Public Health Playbook: Planning for a Behavioral Health Crisis Response Solution

Public Health Playbook: Planning for a Behavioral Health Crisis Response Solution

The following is an excerpt from our playbook. To read the full playbook, click here.

The need for coordinated services to help individuals in the midst of a behavioral health crisis is immense. One in four Americans has a mental health or substance abuse disorder, yet fewer than half of adults (45%) with mental health illness receive care each year and the percent of individuals reporting an unmet mental healthcare need rose to 11.7% in early 2021. Meanwhile, suicide is the tenth leading cause of death in the U.S., claiming the lives of more than 44,800 people in 2020 alone.

Whether at the city, county, or state level, the ability to better support crisis management is critical for our communities to connect anyone, anywhere, to the right care anytime. Support for such services is increasing. The federal government plans to launch 988 as the national suicide prevention and mental health crisis hotline in July 2022, and is increasing funding for crisis services—including community-based mobile crisis teams, hotlines, equipment, and training.

Having an effective behavioral health crisis response solution is an essential component for coordinating services. According to the Substance Abuse and Mental Health Services Administration (SAMHSA), these systems operate as air traffic control for crisis management services, and should include:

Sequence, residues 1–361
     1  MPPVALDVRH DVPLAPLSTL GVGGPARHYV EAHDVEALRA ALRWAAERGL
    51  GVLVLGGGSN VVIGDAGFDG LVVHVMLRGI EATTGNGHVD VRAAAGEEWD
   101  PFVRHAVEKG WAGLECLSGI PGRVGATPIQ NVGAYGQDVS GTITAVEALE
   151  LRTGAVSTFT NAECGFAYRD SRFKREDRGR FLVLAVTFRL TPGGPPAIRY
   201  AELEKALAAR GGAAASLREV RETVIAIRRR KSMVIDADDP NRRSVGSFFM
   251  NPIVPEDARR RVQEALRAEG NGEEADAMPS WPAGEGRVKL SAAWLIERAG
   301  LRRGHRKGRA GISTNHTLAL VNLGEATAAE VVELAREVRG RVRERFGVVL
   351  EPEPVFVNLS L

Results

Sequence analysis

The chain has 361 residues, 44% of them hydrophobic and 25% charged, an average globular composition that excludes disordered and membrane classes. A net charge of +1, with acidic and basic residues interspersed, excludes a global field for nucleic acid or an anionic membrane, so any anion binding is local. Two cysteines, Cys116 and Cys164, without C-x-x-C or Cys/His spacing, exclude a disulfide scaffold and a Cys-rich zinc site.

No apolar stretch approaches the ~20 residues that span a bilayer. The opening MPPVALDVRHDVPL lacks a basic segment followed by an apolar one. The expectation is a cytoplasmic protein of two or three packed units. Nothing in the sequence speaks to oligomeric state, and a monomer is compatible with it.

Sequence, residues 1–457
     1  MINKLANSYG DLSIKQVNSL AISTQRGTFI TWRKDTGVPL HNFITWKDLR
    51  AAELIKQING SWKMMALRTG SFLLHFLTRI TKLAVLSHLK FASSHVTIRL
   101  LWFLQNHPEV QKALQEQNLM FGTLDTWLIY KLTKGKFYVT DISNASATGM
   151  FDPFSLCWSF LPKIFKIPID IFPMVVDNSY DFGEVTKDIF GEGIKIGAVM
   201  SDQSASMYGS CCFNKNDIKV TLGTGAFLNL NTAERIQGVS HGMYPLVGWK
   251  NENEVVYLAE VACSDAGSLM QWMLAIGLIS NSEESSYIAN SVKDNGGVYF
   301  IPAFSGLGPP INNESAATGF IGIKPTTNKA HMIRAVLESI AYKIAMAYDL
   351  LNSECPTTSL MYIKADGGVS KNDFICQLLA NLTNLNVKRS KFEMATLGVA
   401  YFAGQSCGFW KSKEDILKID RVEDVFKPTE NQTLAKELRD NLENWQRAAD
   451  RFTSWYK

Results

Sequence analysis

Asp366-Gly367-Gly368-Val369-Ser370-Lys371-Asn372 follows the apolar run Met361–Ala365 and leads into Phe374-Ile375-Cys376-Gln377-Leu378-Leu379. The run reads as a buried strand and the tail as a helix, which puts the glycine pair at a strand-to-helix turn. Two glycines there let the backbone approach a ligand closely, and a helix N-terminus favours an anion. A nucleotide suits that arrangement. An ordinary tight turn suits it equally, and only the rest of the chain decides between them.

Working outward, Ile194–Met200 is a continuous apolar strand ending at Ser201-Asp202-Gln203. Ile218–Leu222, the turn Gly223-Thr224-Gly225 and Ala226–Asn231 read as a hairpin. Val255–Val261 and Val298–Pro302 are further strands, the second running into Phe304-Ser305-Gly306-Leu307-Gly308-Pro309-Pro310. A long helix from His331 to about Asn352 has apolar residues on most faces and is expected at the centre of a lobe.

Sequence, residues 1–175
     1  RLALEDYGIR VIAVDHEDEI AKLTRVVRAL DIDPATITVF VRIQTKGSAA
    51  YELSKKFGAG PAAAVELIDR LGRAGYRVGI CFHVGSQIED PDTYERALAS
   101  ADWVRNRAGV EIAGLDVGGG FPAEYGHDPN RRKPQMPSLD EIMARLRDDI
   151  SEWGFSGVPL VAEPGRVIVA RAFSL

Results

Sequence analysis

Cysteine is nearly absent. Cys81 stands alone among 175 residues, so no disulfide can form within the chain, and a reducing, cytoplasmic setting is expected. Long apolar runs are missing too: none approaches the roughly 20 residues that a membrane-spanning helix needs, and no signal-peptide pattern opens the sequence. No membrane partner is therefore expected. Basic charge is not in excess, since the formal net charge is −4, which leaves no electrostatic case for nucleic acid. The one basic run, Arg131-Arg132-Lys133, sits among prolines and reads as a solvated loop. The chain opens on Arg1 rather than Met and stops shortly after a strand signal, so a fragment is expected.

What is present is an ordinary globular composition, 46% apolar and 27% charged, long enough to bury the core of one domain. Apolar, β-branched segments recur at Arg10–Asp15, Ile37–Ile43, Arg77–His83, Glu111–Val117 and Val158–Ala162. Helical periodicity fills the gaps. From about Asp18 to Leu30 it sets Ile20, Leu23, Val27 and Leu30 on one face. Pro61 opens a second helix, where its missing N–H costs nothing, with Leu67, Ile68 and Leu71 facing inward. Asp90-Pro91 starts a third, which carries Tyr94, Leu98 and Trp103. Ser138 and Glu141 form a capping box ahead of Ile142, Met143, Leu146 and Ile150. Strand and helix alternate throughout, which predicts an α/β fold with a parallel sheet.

• A GPS-enabled mobile team dispatch
  • Real-time bed registry and coordination
  • Centralized outpatient appointment scheduling
  • Performance dashboards to support coordination

Knowing where to begin in developing such a solution, however, can be daunting. To help, Appriss Health has assembled initial steps and key considerations from our years of experience working with states and thought leaders to develop crisis management technology.


To understand where you need to go, you first need to understand where you are. This step begins with taking an inventory of existing technology, resources, and processes, and evaluating your current care coordination system for crisis response. You should develop a thorough understanding of how local healthcare providers, hospitals, law enforcement agencies, and other entities handle behavioral health crisis cases—including if and how those individuals are referred to care and any follow-up procedures. Ask these questions:

  • What technology is in place?
  • What technology should stay and what should go, based on resources and needs?
  • What systems should be connected to establish an optimal crisis response solution? (CRM, phone center, phone technology, data warehouse, reporting system)

This assessment will allow you to identify what is working well today, and where there are gaps and opportunities for improvement.


Describe your overall public health goals, including the issues a well-designed crisis management solution should solve, the need for the solution in your community (or communities), and the key gaps you will need to fill to achieve those goals. For example, there may be gaps in the current approach to crisis care coordination, the public may lack access to—and coordination with—care resources, or communicating with and dispatching trained emergency service teams may not be part of a technology-enabled process.

To define your goals, you should understand what a successful crisis management system looks like. Download our playbook to learn what SAMHSA considers a successful crisis management system.